1.1 Purpose The three parts of SAE J1453 cover material, dimensional, and performance requirements of steel O-ring face seal (ORFS) connectors for tubing and the O-ring face seal interface and nut portion of hose stem assemblies for nominal tube diameters of 6 mm through 38 mm and for nominal hose diameters 6.3 mm through 38 mm. SAE J1453-2 covers the requirements for “metric based” O-ring face seal connectors to metric stud ends along with the associated adapters, bulkhead and union connectors. Metric hex wrenching flats are used throughout this standard. 1.2 Field of Application These connectors are intended for general application and hydraulic systems on industrial equipment and commercial products, where elastomeric seals are acceptable to overcome leakage and variations in assembly procedures. These connectors are capable of providing leak proof full flow connections in hydraulic systems operating from 95 kPa vacuum to the working pressures shown in Table 3. Since many factors influence the pressure at which a hydraulic system does or does not perform satisfactorily, these values should not be construed as guaranteed minimums.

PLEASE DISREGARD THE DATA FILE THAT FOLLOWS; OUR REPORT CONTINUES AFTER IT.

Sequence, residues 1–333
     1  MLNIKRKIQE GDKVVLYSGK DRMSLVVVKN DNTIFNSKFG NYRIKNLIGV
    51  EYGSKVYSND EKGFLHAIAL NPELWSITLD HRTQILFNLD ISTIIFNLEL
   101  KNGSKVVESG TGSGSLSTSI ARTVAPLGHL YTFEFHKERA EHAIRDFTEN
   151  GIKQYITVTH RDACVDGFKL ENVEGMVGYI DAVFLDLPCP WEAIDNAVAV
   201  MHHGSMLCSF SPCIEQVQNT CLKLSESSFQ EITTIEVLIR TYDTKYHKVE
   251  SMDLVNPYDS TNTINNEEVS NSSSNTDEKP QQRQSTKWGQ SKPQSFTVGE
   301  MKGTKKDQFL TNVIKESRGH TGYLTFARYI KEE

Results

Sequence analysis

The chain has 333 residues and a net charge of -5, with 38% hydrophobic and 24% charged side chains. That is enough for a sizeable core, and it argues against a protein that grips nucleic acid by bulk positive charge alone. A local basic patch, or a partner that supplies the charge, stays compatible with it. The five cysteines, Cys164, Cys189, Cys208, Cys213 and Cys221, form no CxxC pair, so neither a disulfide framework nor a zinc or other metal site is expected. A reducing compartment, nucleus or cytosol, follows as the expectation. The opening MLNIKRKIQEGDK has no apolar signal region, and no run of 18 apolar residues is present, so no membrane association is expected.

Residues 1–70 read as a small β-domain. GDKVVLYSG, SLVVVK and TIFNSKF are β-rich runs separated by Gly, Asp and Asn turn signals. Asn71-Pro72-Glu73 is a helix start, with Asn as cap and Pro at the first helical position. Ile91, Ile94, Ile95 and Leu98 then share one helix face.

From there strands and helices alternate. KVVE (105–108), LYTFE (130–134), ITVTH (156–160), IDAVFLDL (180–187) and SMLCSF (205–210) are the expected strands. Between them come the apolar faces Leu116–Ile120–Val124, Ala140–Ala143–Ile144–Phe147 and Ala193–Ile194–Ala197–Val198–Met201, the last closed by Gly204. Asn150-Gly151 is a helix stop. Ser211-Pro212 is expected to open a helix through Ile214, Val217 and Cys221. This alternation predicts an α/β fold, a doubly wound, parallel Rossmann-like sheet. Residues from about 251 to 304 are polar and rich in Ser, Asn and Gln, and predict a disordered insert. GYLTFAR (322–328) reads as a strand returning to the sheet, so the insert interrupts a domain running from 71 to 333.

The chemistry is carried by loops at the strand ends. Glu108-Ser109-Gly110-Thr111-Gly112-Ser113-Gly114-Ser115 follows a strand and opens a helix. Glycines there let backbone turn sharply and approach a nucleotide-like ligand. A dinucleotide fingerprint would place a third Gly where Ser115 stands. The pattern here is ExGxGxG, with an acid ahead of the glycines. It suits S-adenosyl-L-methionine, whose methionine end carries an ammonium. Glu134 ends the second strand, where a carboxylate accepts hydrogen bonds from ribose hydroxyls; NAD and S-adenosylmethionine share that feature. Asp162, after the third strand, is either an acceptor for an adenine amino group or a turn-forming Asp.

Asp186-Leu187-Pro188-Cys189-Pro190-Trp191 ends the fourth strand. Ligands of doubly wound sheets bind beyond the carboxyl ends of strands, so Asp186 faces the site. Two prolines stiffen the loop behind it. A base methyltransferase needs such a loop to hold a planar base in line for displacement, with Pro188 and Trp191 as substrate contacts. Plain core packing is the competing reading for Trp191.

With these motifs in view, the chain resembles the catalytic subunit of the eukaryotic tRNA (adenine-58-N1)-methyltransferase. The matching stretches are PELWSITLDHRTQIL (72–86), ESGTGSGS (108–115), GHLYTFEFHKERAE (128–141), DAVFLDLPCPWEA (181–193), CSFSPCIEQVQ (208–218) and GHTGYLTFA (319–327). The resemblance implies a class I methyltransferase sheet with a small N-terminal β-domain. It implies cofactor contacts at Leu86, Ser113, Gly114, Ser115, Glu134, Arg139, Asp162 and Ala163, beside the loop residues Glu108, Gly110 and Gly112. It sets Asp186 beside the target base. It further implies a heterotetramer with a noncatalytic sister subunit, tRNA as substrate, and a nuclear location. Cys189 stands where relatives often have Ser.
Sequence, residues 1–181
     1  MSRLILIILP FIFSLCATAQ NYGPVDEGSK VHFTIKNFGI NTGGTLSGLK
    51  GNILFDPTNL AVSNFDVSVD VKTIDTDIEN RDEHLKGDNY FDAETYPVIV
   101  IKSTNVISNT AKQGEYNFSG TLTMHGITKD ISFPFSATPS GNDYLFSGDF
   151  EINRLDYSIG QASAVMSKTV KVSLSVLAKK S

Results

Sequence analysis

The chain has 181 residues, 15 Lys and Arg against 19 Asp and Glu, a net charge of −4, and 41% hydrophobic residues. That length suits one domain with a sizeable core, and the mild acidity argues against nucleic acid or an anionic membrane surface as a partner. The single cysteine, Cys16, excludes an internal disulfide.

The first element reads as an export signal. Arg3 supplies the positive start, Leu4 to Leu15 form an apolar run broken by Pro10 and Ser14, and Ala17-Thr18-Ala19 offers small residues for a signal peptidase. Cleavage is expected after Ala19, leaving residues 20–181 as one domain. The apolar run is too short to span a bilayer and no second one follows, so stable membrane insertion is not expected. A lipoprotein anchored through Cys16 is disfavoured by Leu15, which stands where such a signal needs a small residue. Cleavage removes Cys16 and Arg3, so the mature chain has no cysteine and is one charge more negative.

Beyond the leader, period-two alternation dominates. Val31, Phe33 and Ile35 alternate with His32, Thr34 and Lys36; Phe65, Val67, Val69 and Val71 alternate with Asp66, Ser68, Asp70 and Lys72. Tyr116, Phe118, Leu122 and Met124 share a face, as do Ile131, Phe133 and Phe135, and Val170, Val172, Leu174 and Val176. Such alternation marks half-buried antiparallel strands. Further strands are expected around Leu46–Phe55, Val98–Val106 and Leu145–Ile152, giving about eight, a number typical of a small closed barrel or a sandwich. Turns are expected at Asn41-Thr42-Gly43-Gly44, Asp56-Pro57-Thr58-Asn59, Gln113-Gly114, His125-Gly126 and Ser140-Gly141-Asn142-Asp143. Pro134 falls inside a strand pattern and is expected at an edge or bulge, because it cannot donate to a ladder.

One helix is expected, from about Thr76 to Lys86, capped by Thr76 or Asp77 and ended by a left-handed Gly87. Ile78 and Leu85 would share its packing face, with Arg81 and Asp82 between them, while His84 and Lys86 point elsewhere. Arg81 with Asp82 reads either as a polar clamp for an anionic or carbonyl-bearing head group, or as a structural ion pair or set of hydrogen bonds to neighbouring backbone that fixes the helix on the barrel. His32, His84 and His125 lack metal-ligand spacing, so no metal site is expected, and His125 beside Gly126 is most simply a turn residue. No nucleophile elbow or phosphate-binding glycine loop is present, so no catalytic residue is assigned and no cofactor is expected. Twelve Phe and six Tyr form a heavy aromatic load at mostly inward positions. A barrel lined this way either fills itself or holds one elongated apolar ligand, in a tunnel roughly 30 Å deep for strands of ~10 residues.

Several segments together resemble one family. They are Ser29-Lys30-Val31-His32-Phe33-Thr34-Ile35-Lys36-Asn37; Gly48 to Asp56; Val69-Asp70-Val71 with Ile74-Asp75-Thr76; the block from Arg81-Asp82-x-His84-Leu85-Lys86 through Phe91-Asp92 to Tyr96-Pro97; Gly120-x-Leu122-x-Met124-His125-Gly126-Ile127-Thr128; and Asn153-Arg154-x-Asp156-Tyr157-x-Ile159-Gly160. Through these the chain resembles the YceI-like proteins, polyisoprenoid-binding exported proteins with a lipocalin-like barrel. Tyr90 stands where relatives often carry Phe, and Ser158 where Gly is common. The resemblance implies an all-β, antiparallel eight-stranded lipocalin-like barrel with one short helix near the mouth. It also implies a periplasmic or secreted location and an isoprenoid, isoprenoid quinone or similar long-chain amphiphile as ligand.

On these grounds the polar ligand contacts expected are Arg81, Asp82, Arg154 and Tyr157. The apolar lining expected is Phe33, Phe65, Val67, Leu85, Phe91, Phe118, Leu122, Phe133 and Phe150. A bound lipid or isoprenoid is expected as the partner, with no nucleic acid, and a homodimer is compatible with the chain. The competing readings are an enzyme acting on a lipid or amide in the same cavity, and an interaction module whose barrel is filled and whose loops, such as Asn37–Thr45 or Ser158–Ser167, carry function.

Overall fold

2014-06-16
WIP Standard
J782
This recommended practice is a source of information for body and trim engineers and represents existing technology in the field of on-highway vehicle seating systems. It provides a more uniform system of nomenclature, definitions of functional requirements, and testing methods of various material components of motor vehicle seating systems.
2014-05-19
Video
This video summarizes Chapter 10 of the book, “Theory and Applications of Aerodynamics for Ground Vehicles”, by Dr. T. Yomi Obidi, published by SAE International. Concepts demonstrated include the effects of the control surfaces on vehicle performance and drag in sunroofs and convertibles.
2014-05-16
Video